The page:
Visiting professor relieved of duties after alleged misuse of social media
CHESTERTOWN — A visiting professor of economics is no longer teaching after allegedly sending several female students inappropriate messages and misrepresenting himself via Facebook, which is in violation of Washington College’s social media policy.
The Elm and the Kent County News do not name victims of sexual assault, harassment or misconduct.
Professor Michael Wang, who was hired at Washington College to teach three courses vacated by economics professor Andy Helms, was relieved of his teaching duties Nov. 30 after two students filed a report together with the college’s Department of Public Safety Nov. 27.
An investigation was launched immediately, said Candace Wannamaker, Washington College’s Title IX coordinator. Due to the fact Wang was a faculty member and it was a Title IX inquiry, Wannamaker and Carolyn Burton, assistant Title IX coordinator and director of human resources, met and continued the investigation.
Wang was asked to leave campus Nov. 29 and it was determined he would no longer continue teaching the following day, Wannamaker said. The economics department was notified that same day to cover Wang’s three courses. Different department members took over teaching responsibilities.
Dean and Provost Patrice DiQuinzio confirmed that Wang was no longer teaching at the college and that other professors had stepped in to fill the classes.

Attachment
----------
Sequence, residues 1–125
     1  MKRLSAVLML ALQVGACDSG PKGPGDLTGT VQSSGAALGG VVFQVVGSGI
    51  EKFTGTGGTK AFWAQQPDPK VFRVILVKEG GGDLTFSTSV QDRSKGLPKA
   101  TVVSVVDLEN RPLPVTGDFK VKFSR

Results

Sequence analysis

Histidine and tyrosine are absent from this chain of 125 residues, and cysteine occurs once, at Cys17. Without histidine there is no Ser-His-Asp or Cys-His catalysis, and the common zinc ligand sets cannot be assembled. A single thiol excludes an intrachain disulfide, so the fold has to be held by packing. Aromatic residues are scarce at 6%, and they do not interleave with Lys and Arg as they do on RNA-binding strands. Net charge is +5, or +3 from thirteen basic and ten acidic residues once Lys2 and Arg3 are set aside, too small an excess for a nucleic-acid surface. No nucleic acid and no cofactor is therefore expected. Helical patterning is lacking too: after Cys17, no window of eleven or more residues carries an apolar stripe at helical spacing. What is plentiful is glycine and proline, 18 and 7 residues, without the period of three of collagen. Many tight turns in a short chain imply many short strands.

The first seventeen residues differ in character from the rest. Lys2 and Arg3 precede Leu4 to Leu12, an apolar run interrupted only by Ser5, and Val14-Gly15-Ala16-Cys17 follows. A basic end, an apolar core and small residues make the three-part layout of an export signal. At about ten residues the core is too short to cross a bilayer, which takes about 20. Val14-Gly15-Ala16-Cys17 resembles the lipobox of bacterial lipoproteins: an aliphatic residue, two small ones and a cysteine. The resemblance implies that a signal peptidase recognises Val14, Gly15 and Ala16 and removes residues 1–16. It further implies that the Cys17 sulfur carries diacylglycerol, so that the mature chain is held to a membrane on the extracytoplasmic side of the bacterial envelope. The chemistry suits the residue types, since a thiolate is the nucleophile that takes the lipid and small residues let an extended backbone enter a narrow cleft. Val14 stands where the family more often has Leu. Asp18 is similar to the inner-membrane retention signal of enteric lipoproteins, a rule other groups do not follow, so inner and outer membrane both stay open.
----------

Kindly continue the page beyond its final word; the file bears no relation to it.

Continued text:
Wang told The Elm in an email on Dec. 5 that he was “extremely remorseful about any inappropriate actions.”
“Although it was never my intention to harm anyone, I should have known better not to violate the college policy. I have addressed all the mistakes and this was an important lesson that I will never forget for the rest of my life. To this end, I deeply apologize to those being affected,” he said.
According to Burton, as with most faculty members, the hiring department reviews the applicants. The applicant completes an interview and the college completes reference checks and a background check. Burton confirmed that Wang had cleared the reference and background checks.
On Dec. 6, DiQuinzio sent out an email to staff, faculty and students. The email summarized the timeline of events.
“We urge you to be cautious in using social media and text messaging,” the email said.
Several links were listed for stu- dents to “refresh yourselves about good practices for online safety,” the email said.
Wannamaker said while Wang’s actions were not illegal, they did violate policy.
“It was not conduct becoming of a faculty member,” she said.
In the college’s social media policy, the guidelines state that individuals must “be transparent about your role at WC.” It has been confirmed to The Elm that Wang allegedly posed as “Violet Lau” on Facebook and friended more than 200 people associated with the college, according to an analysis of Lau’s profile.
Using Lau’s profile, Wang reached out to at least seven students. The Elm obtained screenshots of those messages.